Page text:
The Political Report – 7/18/21

Former Gov. Terry McAuliffe (D) reported raising more than twice as much money during June as Glenn Youngkin (R) in a Virginia gubernatorial race that could set state records for campaign spending, the Washington Post reports.

McAuliffe’s campaign said he raised just over $7.5 million for the filing period of May 28 through June 30, compared with $3.6 million reported by Youngkin’s campaign for the same period.

HAWAII GOVERNOR — The Democratic race to succeed termed-out Hawaii Gov. David Ige is well underway, and though both Lt. Gov. Josh Green and former Honolulu Mayor Kirk Caldwell have held off publicly announcing their bids, each man has a website that identifies them as candidates for the Aloha State’s highest office.

The twosome may also get some company in the primary soon, as businesswoman Vicky Cayetano, who served as first lady of Hawaii while her husband, Ben Cayetano, was governor two decades ago, told Civil Beat on Wednesday that she was “definitely considering” a bid. She also said to Hawaii News Now that she’d likely announce her plans in a month.

If Cayetano gets in, she’ll need to get past both Green and Caldwell. Ige appointed Green, who works as an emergency room doctor, in March of 2020 as his administration’s “COVID-19 healthcare liaison,” and the lieutenant governor has had a large media presence throughout the pandemic. Green’s appearances seem to have boosted his image: An April MRG Research poll gave him a 63-17 favorable image statewide, with Democrats liking him by a wide 72-11 spread.

Caldwell, meanwhile, left office early this year as the leader of Honolulu, which is home to about 70% of Hawaii’s residents. But while the former mayor is well-known, MRG found that a large plurality disliked him in the spring: The same poll showed Caldwell with a 29-46 unfavorable image, though Democratic respondents gave him a somewhat better 37-38 score.

As for the Republican Party, it hasn’t been much of a force in Hawaii politics since Gov. Linda Lingle left office at the end of 2010—leading to the state’s last open-seat race for governor—and it doesn’t appear that 2022 will be any different. The only person that Richardson mentioned as a potential candidate for the GOP nod is Honolulu City Councilwoman Andria Tupola, who lost the 2018 general election to Ige in a 63-34 landslide.

INDIANA GOVERNOR — Eric Doden, a former president of the Indiana Economic Development Corporation, got a very early jump on the 2024 Republican primary to succeed termed-out incumbent Eric Holcomb by announcing in early May. He’s also off to a quick start in fundraising: He now says he’s already raised about $940,000 through the end of June.

MASSACHUSETTS GOVERNOR — Democratic Attorney General Maura Healey said Thursday she’d “know more by the fall” about her 2022 plans.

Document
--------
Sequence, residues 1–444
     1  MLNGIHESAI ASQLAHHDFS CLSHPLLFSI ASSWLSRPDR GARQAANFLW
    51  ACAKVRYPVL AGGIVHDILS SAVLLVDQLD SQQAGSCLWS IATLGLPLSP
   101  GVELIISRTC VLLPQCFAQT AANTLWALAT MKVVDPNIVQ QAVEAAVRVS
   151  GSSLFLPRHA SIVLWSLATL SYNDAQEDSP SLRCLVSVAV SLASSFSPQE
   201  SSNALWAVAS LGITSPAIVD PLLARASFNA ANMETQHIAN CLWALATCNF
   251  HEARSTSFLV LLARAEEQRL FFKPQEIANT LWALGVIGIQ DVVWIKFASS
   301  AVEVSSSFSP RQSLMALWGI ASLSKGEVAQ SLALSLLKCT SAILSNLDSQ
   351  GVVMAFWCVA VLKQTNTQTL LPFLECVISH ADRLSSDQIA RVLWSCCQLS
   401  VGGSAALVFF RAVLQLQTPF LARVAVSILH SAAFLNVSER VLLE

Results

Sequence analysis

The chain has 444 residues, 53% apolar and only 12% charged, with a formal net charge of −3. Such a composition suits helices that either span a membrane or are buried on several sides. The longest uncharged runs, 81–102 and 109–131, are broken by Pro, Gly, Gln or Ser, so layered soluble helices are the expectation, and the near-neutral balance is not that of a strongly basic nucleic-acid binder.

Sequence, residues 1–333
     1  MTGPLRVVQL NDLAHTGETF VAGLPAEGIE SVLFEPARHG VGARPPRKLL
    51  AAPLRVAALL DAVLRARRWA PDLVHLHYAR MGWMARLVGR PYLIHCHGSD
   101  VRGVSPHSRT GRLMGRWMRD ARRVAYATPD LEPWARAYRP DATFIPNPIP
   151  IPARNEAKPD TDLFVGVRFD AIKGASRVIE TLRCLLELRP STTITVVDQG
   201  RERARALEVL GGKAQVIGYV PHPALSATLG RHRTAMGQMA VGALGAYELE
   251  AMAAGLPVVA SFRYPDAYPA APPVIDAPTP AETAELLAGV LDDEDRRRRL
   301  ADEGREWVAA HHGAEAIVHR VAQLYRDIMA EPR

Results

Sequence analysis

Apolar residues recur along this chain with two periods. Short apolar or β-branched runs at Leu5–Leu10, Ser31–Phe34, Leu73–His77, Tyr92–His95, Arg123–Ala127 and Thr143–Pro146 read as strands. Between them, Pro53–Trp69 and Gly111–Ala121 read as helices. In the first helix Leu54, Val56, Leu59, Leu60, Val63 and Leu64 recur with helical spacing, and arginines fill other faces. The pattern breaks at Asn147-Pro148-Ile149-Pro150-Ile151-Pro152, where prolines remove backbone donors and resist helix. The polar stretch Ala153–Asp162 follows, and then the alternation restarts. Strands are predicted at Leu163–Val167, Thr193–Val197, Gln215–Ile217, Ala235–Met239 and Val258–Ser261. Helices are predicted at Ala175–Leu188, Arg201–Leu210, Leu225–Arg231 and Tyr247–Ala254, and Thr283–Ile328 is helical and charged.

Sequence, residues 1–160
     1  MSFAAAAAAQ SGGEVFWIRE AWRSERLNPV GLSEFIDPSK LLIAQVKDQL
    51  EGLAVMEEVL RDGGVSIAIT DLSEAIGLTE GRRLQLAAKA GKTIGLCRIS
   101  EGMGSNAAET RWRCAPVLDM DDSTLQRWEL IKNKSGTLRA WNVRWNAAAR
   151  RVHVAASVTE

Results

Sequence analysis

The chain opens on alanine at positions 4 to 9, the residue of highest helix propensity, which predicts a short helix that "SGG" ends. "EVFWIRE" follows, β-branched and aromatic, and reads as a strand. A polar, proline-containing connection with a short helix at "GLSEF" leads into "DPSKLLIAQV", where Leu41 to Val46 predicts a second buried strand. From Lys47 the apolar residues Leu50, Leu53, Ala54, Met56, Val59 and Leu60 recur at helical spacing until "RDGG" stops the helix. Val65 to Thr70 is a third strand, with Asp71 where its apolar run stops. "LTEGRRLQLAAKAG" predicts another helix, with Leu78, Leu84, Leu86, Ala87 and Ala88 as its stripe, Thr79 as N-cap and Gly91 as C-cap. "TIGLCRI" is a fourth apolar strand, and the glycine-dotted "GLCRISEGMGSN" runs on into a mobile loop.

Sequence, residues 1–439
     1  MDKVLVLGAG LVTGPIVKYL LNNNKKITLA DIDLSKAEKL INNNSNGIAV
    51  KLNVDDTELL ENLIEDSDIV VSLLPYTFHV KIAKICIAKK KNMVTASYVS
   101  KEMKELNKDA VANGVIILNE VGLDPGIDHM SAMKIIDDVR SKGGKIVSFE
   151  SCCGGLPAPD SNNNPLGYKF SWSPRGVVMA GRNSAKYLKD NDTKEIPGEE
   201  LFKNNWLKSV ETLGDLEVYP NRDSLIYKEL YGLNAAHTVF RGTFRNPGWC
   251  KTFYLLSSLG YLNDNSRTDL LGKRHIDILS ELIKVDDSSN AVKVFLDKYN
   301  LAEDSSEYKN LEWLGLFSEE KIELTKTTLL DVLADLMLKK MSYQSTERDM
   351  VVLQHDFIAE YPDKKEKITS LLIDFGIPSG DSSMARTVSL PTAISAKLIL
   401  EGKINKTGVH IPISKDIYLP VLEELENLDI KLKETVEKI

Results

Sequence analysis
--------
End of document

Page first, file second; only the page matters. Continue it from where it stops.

MICHIGAN GOVERNOR — MIRS News reports that Betsy DeVos, Donald Trump’s notorious education secretary, hasn’t quite ruled out a bid for governor, saying she “is staying publicly visible amid scuttle” that she could challenge Democratic Gov. Gretchen Whitmer next year. Among other things, she recently penned an op-ed in the New York Post—railing about “critical race theory,” of course—and trekked across the state for a GOP fundraising event. She also apparently has not conducted any polling.

However, given her vast fortune, high name recognition, and close association with Trump, she could certainly launch a campaign late and with little preparation yet still win the nomination. (And that might suit DeVos, since preparation is not her strong suit.) It wouldn’t even be the first time a member of her immediate family has run for governor: DeVos’ husband, Dick, was the GOP nominee in 2006, though he got crushed by Democrat Jennifer Granholm 56-42.

So far, Republicans have failed to land a prominent candidate to take on Whitmer, though that could change soon. Former Detroit police Chief James Craig, who’s been reportedly preparing a run for some time, told Fox host Tucker Carlson on Wednesday that he has “an important announcement for Michigan’s future” and said he “hope[s]” he can come back on Carlson’s show “next week.” But Melinn says that the highly touted Craig may not be “the unanimous choice among all major Republican players,” which might present an opening for someone like Betsy DeVos.

NEBRASKA GOVERNOR — State Sen. Brett Lindstrom kicked off his long-awaited campaign for Nebraska’s open governorship on Thursday, making him the third notable Republican to enter the race after businessman Charles Herbster and University of Nebraska Regent Jim Pillen.

Lindstrom, a financial advisor, played as a walk-on for the University of Nebraska’s football team in the early 2000s and later jumped into electoral politics with an unsuccessful primary challenge to then-Rep. Lee Terry in the 2nd Congressional District. He berated the incumbent, who four years earlier had tried to woo “Obama-Terry” voters during a difficult re-election, for being insufficiently conservative but ultimately lost by a 59-22 margin.

During that campaign, though, Lindstrom also attacked Terry as “beholden to corporate lobbyists” for his efforts to hasten the approval of the Keystone XL oil pipeline, a foretaste of his occasional breaks with right-wing orthodoxy that have marked his career in the state Senate, to which he was elected in 2014.

As Nick Fouriezos explained in a 2017 profile in the online magazine Ozy, Lindstrom has also backed workplace protections for LGBTQ people and voted to override term-limited Gov. Pete Ricketts’ veto of a gas tax. Most notably, Lindstrom was the crucial vote to repeal the death penalty in Nebraska during his first year in office, a decision that prompted at least one death threat. The effort was ultimately for naught, though, as Ricketts and his allies later successfully promoted a ballot measure to reinstate capital punishment.